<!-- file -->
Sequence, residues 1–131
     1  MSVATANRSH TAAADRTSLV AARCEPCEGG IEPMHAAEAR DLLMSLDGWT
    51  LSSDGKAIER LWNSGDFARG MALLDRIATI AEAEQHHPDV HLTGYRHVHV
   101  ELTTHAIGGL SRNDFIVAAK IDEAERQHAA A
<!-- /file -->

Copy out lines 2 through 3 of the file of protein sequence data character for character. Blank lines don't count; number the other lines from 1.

     1  MSVATANRSH TAAADRTSLV AARCEPCEGG IEPMHAAEAR DLLMSLDGWT
    51  LSSDGKAIER LWNSGDFARG MALLDRIATI AEAEQHHPDV HLTGYRHVHV